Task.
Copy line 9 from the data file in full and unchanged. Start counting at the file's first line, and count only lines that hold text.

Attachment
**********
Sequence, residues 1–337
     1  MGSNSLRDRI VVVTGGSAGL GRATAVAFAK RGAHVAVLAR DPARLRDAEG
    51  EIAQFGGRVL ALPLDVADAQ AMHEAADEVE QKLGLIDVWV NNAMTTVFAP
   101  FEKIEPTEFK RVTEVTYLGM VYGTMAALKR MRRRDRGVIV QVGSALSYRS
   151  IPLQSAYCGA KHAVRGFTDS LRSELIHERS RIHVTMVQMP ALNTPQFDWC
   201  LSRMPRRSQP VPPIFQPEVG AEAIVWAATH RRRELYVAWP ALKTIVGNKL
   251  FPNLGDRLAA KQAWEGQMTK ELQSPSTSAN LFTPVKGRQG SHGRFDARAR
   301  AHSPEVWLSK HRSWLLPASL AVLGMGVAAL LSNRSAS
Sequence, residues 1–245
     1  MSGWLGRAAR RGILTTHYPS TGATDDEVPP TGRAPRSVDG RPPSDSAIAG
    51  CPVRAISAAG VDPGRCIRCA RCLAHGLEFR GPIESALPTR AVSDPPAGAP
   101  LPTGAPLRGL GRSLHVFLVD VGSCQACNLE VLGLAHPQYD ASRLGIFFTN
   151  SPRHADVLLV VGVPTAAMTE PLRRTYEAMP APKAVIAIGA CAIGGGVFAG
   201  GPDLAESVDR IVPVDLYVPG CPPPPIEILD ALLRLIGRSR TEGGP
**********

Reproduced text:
Sequence, residues 1–245